Perhaps WWJD turns out to be the key after all…



"The Renaissance is a tradition. Semicircular dome ceilings, white stones, Roman shapes, Roman sculptures, strong ..."

Textual Criticism and What Jesus Learned ..."
"I personally think the study of religion is crucial to a Liberal Arts education, and ..."

All Things Bright and Biblical: Biblical ..."
"Everything comes back to you. How ! Your thinking proves it. When you think about ..."

Textual Criticism and What Jesus Learned ..."
"In ancient times, custom was only court, and royal. That of the mother, the sister, ..."

Textual Criticism and What Jesus Learned ..."

Browse Our Archives

Follow Us!

TRENDING AT PATHEOS Progressive Christian
What Are Your Thoughts?leave a comment
  • Ian Paul

    Thanks for the link to my blog. I think the most intriguing thing that you say here is the suggestion that Jesus is not infallible. That might spur me to another blog post!

    • He could not be human, yet be infallible.

      It is an important part of theology, the Jesus was human. Therefore Jesus was not infallible.

      Too many Christians get this wrong. And I got that wrong back whenever. But then I’m human, so not infallible.

      • Ian Paul

        That’s true, unless the rest of the NT and all the historic Christian creeds are wrong.

        • I’m OK with that possibility, because they too are the work of fallible humans. Nonetheless, I think you are equating sinfulness and fallibility. And that might be correct, but it needs to be fleshed out and not simply assumed.

  • Phil Ledgerwood

    I try reading the Babylon Bee, but about every tenth article, it skews really smugly traditionally Reformed, and man, I’ve had enough of that to last me a few decades. They do make some funny articles, though.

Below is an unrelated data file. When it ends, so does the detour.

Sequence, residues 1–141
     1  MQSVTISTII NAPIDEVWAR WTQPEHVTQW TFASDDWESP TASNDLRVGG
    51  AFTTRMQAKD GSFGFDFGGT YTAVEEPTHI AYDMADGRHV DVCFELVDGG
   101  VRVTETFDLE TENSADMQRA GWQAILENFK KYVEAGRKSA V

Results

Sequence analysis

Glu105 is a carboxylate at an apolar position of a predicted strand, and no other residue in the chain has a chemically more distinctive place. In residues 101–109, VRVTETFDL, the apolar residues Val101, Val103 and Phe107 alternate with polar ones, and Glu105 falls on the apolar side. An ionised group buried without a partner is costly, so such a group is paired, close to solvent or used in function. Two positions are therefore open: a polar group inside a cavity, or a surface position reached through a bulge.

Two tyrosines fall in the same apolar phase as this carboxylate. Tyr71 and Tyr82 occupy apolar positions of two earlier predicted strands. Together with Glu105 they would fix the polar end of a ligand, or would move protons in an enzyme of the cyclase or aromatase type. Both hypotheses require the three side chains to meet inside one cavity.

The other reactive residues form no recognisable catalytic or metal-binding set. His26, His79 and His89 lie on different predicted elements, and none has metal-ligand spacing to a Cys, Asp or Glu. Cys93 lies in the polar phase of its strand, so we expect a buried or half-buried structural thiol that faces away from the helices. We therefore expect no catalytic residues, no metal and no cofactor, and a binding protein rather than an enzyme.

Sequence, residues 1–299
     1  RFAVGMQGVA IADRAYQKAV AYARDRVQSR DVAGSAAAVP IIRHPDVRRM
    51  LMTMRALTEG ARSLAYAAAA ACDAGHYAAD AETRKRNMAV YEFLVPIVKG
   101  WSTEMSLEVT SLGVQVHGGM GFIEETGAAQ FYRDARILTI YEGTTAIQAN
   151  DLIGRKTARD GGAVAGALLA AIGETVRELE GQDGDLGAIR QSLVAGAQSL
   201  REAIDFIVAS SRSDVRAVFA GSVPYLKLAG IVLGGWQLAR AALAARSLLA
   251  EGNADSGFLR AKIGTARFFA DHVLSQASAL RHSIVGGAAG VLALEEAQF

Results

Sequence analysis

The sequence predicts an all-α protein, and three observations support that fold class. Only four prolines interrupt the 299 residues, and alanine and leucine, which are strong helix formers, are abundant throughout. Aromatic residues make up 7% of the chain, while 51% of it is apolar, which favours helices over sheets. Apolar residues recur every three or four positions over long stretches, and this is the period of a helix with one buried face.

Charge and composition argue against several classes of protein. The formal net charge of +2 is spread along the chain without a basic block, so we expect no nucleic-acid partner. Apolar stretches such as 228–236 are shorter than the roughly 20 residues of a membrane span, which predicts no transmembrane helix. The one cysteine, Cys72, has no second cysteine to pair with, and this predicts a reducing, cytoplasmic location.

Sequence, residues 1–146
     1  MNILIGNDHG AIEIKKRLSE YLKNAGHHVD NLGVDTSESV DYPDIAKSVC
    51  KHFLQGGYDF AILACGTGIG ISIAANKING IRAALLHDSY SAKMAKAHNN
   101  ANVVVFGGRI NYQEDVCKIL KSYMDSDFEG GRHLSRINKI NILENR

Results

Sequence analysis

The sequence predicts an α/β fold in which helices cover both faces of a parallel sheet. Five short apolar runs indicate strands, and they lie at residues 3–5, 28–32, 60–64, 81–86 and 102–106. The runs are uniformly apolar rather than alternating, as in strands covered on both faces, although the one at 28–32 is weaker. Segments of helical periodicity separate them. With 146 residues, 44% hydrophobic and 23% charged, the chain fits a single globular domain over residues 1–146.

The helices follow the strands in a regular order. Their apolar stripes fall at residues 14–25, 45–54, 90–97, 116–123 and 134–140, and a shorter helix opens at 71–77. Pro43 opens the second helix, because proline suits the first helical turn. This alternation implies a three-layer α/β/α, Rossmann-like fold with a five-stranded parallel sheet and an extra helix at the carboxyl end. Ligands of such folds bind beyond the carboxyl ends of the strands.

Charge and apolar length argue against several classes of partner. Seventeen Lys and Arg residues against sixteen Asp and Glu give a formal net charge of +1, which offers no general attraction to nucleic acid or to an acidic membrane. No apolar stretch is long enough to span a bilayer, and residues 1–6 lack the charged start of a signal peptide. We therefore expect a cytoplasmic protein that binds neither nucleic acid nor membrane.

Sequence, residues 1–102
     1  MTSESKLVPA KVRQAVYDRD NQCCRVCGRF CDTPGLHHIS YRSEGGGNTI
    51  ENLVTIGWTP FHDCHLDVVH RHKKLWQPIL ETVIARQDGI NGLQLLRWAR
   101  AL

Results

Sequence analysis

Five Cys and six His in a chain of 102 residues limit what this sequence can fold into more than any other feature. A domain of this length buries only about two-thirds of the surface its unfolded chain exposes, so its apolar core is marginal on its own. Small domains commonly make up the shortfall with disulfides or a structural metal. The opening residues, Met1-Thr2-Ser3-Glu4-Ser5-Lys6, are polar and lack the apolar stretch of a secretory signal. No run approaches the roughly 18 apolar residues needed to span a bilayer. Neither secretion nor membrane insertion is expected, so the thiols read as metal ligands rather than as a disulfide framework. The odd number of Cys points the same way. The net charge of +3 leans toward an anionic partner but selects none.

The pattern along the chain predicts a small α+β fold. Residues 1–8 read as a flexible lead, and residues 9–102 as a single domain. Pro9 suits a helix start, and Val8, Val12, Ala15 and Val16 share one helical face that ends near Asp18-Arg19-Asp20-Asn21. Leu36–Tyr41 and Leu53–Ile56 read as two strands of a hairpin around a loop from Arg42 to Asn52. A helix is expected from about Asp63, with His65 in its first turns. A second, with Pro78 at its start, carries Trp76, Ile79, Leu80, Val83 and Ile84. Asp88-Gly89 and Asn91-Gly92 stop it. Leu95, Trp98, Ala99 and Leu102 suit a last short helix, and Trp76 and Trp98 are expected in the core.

This one tends smug, but it’s also a good point. It’s very easy to marshal our idea of Jesus to support political aims that, at the best of times, would be extrapolations of what we think he might support as opposed to a certain set of views/policies being “Christlike.”

    On the other hand, the author of this piece seems to think that what constitutes a problem for the “progressive” idea of what it means to be Christlike is all this talk Jesus does about going to Hell, and I’d contest whether or not Jesus talked about going to Hell, at least the way the West has understood Hell for the past several centuries. The BB article seems to be making the point that Jesus said and cared about things that progressives would deem not Christlike, but I think the larger point is that it’s difficult to settle on what “Christlike” even means -at all- without a lot of work, reconstruction, and tentativity.

  • Jeff

    If Jesus doesn’t behave in a manner that seems “Christlike” to us, then we should be honest about it, and should honestly weigh the possibility that Jesus, being human, was not infallible and that we should not simply blindly try to do what he did, but should rather ask about core principles, recognizing that Jesus, like every other human being, may not have always consistently lived out the things that he taught; that he may have applied those principles in ways that it would not make sense for us to do so; and (most controversially), it is entirely possible that even the things that Jesus believed and taught may need to be evaluated from the perspective of hindsight as problematic and set aside.

    This reads to me as the sort of thing the ‘fat ghost’ from The Great Divorce might have said. (https://www.litcharts.com/lit/the-great-divorce/chapter-5 ) Correspondingly, and siding, I think, with Lewis, it strikes me as a suggestion that is probably not likely to be perceived as especially controversial at all, in certain circles anyway…

    • That’s an example of one of the most annoying aspects of Lewis’s apologetics: his tendency to caricature the positions of others, rather than actually engage with them.